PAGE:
Miles blinked. “Am I the what?”
“The One. The other One, I should say. The scripture says there has to be two.”
“Uh,” Miles hesitated cautiously. “What exactly does the scripture say?”
The man’s right hand wrapped over his knobby left wrist, around which was tied a rag screwed into a sort of rope. He closed his eyes; his lips moved a moment, and then he recited aloud, “…but the pilgrims went up that hill with ease, because they had these two men to lead them by the arms; also they had left their garments behind them, for though they went in with them, they came out without them.” His eyes popped back open to stare hopefully at Miles.
So, now we begin to see why this guy seems to be all by himself…. “Are you, perchance, the other One?” Miles shot at a venture.
The man nodded shyly.
“I see. Um…” How was it that he always attracted the nut cases? He licked the last drops of water from his lips. The fellow might have some screws loose, but he was certainly an improvement over the last lot, always presuming he didn’t have another personality or two of the homicidal loonie variety tucked away in his head. No, in that case, he’d be introducing himself as the Chosen Two, and not be looking for outside assistance. (pp. 5 – 6)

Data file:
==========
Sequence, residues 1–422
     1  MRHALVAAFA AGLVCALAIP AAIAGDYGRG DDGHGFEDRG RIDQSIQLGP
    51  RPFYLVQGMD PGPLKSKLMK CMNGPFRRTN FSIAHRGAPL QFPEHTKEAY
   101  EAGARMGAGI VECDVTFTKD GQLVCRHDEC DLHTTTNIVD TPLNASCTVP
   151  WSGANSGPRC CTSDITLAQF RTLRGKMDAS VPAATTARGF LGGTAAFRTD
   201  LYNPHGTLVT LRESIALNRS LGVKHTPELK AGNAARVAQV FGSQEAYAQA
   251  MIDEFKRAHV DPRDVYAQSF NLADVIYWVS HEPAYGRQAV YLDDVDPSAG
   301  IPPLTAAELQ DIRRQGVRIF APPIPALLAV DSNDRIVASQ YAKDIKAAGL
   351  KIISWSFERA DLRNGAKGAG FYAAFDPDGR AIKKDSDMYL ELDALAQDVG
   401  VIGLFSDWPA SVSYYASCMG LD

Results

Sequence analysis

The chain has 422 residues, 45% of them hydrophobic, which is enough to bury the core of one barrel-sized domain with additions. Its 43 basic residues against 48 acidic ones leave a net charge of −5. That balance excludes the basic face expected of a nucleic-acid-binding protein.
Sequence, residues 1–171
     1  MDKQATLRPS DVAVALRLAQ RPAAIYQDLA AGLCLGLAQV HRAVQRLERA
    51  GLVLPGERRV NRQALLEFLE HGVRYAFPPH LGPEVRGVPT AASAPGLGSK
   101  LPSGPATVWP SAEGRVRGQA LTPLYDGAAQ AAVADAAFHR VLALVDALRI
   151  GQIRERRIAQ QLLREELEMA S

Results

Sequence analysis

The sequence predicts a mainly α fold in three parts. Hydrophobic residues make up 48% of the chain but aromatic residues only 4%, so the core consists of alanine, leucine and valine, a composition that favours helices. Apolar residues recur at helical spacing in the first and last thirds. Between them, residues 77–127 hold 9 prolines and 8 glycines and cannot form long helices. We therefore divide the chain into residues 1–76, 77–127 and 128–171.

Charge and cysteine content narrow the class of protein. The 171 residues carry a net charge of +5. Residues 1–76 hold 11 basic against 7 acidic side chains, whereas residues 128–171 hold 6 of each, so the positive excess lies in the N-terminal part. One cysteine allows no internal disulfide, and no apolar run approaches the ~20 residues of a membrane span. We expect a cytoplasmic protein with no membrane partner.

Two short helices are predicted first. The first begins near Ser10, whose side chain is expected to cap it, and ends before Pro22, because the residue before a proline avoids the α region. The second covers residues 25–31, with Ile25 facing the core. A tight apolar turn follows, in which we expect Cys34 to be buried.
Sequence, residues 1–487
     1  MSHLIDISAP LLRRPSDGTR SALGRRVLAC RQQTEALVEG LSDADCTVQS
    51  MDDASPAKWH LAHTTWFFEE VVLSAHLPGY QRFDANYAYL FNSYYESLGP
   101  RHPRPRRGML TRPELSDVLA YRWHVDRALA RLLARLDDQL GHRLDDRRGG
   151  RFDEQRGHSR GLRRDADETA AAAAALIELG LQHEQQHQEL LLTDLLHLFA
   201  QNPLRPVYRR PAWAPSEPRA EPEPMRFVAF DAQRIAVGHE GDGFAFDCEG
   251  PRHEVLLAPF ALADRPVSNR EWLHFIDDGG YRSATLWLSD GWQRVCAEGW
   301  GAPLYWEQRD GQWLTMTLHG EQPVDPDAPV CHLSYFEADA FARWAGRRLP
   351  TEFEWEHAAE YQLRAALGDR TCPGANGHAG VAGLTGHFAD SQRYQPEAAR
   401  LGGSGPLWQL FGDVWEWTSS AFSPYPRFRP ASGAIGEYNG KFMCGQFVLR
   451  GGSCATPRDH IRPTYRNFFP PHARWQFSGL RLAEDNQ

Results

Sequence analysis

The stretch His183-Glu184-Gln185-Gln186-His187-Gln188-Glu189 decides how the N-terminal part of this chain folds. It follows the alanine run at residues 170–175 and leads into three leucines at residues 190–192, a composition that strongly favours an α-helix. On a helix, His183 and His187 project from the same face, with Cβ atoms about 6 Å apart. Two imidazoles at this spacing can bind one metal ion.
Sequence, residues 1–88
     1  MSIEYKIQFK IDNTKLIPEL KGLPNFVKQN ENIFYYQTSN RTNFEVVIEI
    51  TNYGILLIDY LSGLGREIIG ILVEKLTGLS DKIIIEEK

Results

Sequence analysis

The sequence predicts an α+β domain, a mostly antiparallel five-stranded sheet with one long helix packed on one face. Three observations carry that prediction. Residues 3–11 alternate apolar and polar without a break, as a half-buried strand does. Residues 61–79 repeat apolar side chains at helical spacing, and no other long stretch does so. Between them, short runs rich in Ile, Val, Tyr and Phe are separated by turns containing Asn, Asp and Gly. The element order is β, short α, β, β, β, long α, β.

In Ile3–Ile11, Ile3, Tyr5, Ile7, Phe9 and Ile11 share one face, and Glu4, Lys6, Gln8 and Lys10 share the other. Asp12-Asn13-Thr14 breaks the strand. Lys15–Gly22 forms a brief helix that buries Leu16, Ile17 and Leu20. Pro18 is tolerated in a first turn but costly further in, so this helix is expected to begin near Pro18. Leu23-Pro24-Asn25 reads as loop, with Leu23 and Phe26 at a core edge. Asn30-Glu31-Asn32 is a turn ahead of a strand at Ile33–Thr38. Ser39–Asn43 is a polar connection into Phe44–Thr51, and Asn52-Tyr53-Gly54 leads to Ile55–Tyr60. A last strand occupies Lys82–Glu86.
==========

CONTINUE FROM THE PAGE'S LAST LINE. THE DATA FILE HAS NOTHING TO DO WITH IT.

Even though Mirror Dance is more about Mark than Miles, it is still a very good story and also contains some good scenes with Miles. In spite of being his clone and sharing many of his traits, Mark is very different from Miles. This is definitely his book and he undergoes a lot of growth in it. It goes very well as a follow-up to Brothers in Arms, in which we first meet Mark but only see him from Miles’s perspective.
While I wouldn’t recommend starting with Miles Errant, I’d definitely recommend it to fans of the series who haven’t read it yet. For those who haven’t read the series, I’d recommend it to those who like adventures, strong characters and some well-written humorous narrative.
My Rating: 8/10
Where I got my reading copy: I bought it.
Reviews of other books in this series: